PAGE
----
You can click over and read the rest; I don’t care to litigate any of it. I’m just going to say this: For the first time ever, as of last November, the Board is comprised entirely of Democrats, with (I believe) a majority of members elected with the support of the local AFT. Even if the Board were firing on all cylinders, the current partisan makeup would present as a tempting target for the state for takeover, given the issues with the low-performing schools. But at least a high-functioning Board, whose membership is two-thirds new since 2015, would have a compelling argument to make that they deserve a little more time to make progress on the problem. With the way things are now, who’s going to stand in their defense when Mike Morath picks a new Board to replace them?

HISD nixes charter partnership

First there was this.

Houston ISD board members adjourned late Tuesday without voting on a controversial measure to give up control over 10 low-performing schools after the meeting turned physical and police escorted members of the public — nearly all of whom opposed the plan — out of the room.

Chanting “no more sellouts” and shouting at trustees, most of the roughly 100 community members in attendance watched angrily as officers began physically pulling disruptive residents out of the room. The skirmish came after HISD Board of Trustees President Rhonda Skillern-Jones declared a recess in the middle of the meeting and ordered the room cleared due to repeated public outbursts.

If trustees choose to meet again, they likely will not return until Saturday at the earliest. Trustees typically provide at least 72 hours advance notice of any public board meeting. The vote had been expected to be narrow, with several trustees already voicing support or opposition for the proposal.

The uproar reflects the heated nature of HISD’s proposal to allow Energized For STEM Academy Inc., which already runs four in-district charter schools, to take over operations of the 10 campuses for five years. Without the agreement, HISD would likely face forced campus closures or a state takeover of the district’s locally elected school board due to its failure to improve academics at the schools.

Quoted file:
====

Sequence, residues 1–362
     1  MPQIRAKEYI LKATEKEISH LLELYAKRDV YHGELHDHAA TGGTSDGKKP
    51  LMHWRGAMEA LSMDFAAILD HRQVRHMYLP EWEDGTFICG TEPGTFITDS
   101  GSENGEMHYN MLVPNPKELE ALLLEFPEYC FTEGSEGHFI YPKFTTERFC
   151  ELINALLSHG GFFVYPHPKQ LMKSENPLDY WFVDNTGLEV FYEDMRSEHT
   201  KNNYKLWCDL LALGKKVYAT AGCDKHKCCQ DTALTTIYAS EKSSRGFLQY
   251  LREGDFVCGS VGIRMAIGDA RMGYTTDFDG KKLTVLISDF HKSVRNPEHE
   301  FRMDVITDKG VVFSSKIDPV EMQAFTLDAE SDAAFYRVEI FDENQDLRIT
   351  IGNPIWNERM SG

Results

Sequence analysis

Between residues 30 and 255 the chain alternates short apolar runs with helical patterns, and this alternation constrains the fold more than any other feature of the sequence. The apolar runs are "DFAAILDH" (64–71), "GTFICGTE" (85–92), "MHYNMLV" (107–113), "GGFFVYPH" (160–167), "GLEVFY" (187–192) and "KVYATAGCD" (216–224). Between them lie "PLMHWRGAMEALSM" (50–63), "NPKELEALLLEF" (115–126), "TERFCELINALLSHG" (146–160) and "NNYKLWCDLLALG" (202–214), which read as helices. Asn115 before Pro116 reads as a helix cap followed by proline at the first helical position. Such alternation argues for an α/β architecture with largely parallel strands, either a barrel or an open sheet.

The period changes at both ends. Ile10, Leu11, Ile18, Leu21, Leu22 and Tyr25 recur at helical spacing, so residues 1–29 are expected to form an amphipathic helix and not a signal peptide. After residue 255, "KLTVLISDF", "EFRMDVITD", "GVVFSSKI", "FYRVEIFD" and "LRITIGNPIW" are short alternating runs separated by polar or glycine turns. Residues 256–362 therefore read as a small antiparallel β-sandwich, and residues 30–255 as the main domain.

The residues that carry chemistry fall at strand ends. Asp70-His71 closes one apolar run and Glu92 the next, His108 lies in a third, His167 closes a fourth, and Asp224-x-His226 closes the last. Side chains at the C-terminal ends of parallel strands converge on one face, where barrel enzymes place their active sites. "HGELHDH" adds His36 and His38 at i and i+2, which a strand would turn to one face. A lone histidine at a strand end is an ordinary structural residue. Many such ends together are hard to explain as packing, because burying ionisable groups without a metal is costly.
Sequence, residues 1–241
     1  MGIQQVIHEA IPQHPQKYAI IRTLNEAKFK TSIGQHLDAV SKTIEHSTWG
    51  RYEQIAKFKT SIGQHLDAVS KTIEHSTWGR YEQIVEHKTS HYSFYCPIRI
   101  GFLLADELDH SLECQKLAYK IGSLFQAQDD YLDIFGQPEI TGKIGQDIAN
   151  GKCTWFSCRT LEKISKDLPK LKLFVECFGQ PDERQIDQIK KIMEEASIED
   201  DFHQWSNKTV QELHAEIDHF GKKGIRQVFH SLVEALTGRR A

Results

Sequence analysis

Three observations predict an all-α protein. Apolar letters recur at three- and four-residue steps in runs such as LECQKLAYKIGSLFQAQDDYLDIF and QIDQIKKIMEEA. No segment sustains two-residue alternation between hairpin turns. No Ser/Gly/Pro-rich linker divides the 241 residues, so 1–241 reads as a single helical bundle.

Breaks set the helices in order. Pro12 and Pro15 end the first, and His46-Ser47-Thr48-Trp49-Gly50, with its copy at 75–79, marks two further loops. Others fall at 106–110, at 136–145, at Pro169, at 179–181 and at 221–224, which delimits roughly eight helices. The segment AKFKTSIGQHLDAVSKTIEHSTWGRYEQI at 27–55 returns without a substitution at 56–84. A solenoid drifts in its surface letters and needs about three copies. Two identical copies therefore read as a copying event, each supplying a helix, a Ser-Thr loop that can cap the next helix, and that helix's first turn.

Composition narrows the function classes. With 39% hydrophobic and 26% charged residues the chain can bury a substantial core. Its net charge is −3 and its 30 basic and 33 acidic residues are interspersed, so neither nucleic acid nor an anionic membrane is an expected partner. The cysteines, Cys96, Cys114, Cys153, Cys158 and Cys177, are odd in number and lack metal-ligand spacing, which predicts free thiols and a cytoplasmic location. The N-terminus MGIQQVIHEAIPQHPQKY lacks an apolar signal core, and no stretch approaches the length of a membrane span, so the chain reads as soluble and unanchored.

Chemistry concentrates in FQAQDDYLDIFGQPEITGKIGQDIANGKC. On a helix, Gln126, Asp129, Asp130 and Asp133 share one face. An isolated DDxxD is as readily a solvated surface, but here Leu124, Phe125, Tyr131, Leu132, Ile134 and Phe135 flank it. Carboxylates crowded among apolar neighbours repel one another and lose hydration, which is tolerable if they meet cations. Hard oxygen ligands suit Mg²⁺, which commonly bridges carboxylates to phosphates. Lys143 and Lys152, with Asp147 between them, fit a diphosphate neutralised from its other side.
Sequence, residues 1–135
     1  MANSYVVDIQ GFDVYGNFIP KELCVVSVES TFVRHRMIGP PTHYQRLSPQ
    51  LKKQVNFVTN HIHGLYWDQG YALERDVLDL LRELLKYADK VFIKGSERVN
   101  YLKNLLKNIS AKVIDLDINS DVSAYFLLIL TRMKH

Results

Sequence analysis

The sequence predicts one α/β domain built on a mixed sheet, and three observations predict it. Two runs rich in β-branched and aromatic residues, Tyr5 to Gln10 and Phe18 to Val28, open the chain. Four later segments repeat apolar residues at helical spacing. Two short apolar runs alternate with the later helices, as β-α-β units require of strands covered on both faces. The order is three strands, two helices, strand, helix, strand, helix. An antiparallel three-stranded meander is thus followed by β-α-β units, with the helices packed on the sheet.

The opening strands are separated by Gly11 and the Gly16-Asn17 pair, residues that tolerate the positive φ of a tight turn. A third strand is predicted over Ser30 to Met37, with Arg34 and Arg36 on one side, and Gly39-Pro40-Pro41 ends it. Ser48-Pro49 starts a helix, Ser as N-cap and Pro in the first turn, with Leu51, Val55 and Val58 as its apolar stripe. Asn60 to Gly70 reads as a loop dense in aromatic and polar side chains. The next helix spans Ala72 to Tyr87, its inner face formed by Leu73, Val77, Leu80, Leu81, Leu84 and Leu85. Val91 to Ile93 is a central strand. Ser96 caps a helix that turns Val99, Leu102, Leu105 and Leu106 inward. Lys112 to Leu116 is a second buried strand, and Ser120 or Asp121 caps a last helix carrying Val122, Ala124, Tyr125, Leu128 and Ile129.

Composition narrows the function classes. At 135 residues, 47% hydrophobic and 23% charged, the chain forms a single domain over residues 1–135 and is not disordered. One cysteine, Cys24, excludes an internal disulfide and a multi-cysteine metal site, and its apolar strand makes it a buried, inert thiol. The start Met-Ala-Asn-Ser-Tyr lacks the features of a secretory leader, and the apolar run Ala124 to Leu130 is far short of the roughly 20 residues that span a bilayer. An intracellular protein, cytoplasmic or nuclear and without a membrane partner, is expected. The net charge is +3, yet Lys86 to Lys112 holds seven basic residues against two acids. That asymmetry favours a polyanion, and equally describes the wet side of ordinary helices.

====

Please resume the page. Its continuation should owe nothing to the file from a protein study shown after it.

HISD Interim Police Chief Paul Cordova said one person was arrested on a misdemeanor criminal trespass charge, one person was arrested on a charge of interfering with duties of a public servant and one person was detained but not arrested.

[…]

In the district’s first public statement since Energized For STEM Academy was named Friday as the potential partner, Interim Superintendent Grenita Lathan said the organization “will help our students to reach the level of achievement that we know is possible.”

“Data shows Energized for STEM Academy has successfully led students to high levels of academic achievement as well as prepared them for college and careers since first partnering with HISD 10 years ago,” Lathan said in a statement. She has not granted any interview requests in recent days.

The choice, however, faced immediate resistance. Multiple trustees said they lacked enough information to properly evaluate Energized For STEM Academy’s academic and governance history.

Several education advocates and leaders, including the Houston Federation of Teachers, also raised several questions about Energized For STEM Academy’s ethics. They’ve particularly focused on Energized For STEM Academy’s head of schools, Lois Bullock, who serves as both employee and landlord at another in-district HISD charter organization. It’s not immediately clear whether Bullock has improperly profited off the highly unusual arrangement.

All speakers at Tuesday’s school board meeting opposed the district’s plan. Many advocated for suing the state over the 2015 law that imposed sanctions. Several questioned whether Energized For STEM Academy is dedicated to special education students, noting that the organization has a disproportionately low special education population at its current schools. A few students implored trustees to maintain current operations at their schools.

See here for the background. I was going to tell you to go read Stace and Campos before getting into my own thoughts, but then this happened.

Houston ISD leaders will not turn over control of its 10 longest-struggling schools to any outside organizations, the district’s administration announced Wednesday, a decision that puts HISD at risk of forced campus closures or a state takeover of its locally elected school board.

[…]

In a statement Wednesday, HISD Interim Superintendent Grenita Lathan said the district is “not bringing another partnership proposal to the board, nor will there be another meeting to consider partnerships for the 10 schools.” She said the district will continue to carry out its current plans for improving academic performance at the campuses.

Under a law passed in 2015, known as HB 1842, the Texas Education Agency must close schools or replace HISD’s school board if any of the district’s schools receive a fifth straight “improvement required” rating for poor academic performance this year. The 10 schools all risk triggering the law, and it’s unlikely all 10 will meet state academic standards this year.

With partnerships off the table, attention now will turn to Texas Education Agency Commissioner Mike Morath, who has yet to announce whether any schools or districts will receive accountability rating waivers due to Hurricane Harvey. Agency officials have not said whether HISD still would be subject to sanctions if the 10 schools receive waivers that assure they are not rated “improvement required” this year.

“Any and all decisions by Commissioner Morath regarding accountability exemptions or waivers for campuses affected by Hurricane Harvey will be announced in June,” TEA spokeswoman DeEtta Culbertson said in a statement.